While pregnancy is an exciting phase, it comes with many changes. For this reason, pregnant women should be careful with what they eat, drink, or do. As far as oral health is concerned, pregnant women experience numerous hormonal and diet changes, making them vulnerable to various oral issues such as gum disease and cavities.
For this reason, if you’re pregnant, you should take great care of your mouth as part of your overall hygiene. Similarly, if you develop an oral issue, you may need a dental X-ray as part of your treatment. However, one question remains: are dental x-rays safe during pregnancy? In this article, let’s look at the relationship between pregnancy and your oral health and the risk of dental x-ray during pregnancy.
During pregnancy, your body changes. You’ll primarily notice a change in your hormones and eating habits. These changes make you susceptible to mood changes, nausea, cavities, and gum sensitivity. Particularly when you brush your teeth, you may notice slight bleeding.
According to research, about 40% of pregnant women in the United States experience some form of gum disease. Similarly, other studies show a close relationship between gum infection and pregnancy risks like preterm births and low-weight babies.
If not treated, bacteria from untreated cavities and gum infections can enter the women’s bloodstream and affect the fetus directly. For this reason, pregnant women should seek proper treatment on time if they develop cavities or gum infections. Your dentist can suggest a dental x-ray to diagnose tooth decay and gum infection in such a case.
Commonly, dentists use dental x-rays to:
An x-ray is electromagnet radiation of high energy that passes through any material, including body parts. In dentistry, x-rays show a photographic image of the internal composition of the teeth, bone, gums, and other parts of your mouth. During pregnancy, the concern of using dental x-rays comes from the high radiation.
According to research, high radiation levels increase the risk of congenital disabilities, miscarriage, and certain cancers. However, it’s worth noting that high radiations only happen during specific treatments, like radiation treatments for cancer. Exposure to such radiation 2-8 weeks after conception increases the risk of fetal growth problems and congenital disabilities. Between weeks 8 and 16, there’s an increased risk of intellectual or learning disabilities in the unborn child.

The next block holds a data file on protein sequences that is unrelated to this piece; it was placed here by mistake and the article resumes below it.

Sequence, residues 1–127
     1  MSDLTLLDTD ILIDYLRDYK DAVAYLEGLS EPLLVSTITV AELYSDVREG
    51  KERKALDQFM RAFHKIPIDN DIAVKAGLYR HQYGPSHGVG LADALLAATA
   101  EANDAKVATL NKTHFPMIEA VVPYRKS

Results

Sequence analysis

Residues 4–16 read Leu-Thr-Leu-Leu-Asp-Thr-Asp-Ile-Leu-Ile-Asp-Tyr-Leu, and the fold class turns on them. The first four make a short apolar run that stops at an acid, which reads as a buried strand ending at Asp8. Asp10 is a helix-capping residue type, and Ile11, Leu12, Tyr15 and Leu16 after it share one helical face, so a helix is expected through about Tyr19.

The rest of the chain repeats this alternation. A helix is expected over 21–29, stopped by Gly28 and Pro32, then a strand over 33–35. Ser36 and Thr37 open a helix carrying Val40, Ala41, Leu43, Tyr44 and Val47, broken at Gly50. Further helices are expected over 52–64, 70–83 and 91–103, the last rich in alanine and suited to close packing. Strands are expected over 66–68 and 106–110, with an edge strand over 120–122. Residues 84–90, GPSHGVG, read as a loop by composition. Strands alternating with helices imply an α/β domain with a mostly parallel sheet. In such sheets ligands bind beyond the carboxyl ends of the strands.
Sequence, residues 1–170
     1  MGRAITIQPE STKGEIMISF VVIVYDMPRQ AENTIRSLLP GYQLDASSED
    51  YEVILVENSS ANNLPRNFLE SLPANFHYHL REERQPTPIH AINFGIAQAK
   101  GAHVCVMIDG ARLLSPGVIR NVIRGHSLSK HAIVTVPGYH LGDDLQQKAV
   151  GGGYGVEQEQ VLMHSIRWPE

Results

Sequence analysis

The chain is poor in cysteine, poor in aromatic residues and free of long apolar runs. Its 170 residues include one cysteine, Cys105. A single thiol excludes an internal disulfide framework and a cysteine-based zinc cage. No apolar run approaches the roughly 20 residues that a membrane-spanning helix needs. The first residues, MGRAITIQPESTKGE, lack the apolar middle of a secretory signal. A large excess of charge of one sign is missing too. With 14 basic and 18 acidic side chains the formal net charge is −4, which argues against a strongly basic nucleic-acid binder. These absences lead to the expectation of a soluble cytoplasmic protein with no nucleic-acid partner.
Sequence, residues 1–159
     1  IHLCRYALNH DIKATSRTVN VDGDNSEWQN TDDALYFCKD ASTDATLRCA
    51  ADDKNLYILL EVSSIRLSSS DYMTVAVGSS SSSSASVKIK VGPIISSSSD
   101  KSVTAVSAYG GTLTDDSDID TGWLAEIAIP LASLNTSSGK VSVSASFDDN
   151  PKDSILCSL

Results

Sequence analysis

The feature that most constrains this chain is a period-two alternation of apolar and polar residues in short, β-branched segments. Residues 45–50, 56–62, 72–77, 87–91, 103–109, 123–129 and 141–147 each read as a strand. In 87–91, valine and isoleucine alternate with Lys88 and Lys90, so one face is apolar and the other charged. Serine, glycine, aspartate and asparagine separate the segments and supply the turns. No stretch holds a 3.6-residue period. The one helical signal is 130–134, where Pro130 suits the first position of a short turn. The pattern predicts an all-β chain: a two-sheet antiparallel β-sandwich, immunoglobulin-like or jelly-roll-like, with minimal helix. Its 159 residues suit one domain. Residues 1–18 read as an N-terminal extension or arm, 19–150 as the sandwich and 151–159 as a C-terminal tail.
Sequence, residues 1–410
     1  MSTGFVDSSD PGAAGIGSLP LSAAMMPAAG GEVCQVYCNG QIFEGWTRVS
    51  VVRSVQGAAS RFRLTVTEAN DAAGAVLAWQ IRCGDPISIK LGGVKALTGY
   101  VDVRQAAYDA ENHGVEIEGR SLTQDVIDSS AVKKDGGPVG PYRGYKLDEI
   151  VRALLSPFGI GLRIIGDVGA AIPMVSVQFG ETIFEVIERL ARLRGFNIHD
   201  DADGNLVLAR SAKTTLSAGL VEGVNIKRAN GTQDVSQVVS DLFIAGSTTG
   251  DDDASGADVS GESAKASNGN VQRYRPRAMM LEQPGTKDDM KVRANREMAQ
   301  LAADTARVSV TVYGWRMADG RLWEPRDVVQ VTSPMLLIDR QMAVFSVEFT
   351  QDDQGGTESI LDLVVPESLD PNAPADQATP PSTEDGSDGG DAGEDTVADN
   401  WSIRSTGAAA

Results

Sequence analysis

Generally, radiation during a single dental x-ray is minimal and unlikely to cause any complications. Scientific research shows that you need a very high dose of x-ray radiation to experience pregnancy issues or harm the fetus. Fortunately, dental x-rays radiation is nowhere near this type of dosage. Similarly, the slight radiation you get from a dental x-ray is in your mouth, so your baby isn’t exposed to the x-rays beam. Contact our team of Doctors at Newburyport Family Dental for more information about pregnancy and dental x-rays.
While dental x-rays during pregnancy are considered safe, some women decide to limit their exposure to such procedures until birth. While it isn’t medically necessary, it gives them peace of mind.
However, it’s worth noting that dental x-rays are highly essential for detecting specific oral issues that could potentially become serious if not diagnosed and treated on time. For instance, untreated tooth infections can move through the mother’s bloodstream to the fetus and cause complications such as stillbirth.
Therefore, when a dental x-ray is necessary or emergency, you shouldn’t avoid them. The last thing you’d want is to have a dental emergency with a newborn because of something that you could have addressed early enough. In the case of routine dental x-rays, you can postpone them until the baby is born.
You should notify your dentist as soon as you become pregnant and in case you develop any dental issues. Your dentist will work with you to develop a customized treatment plan that is safe for you and your baby. For more information about dental x-rays in Newburyport, MA, visit our Dental Office in Newburyport, MA.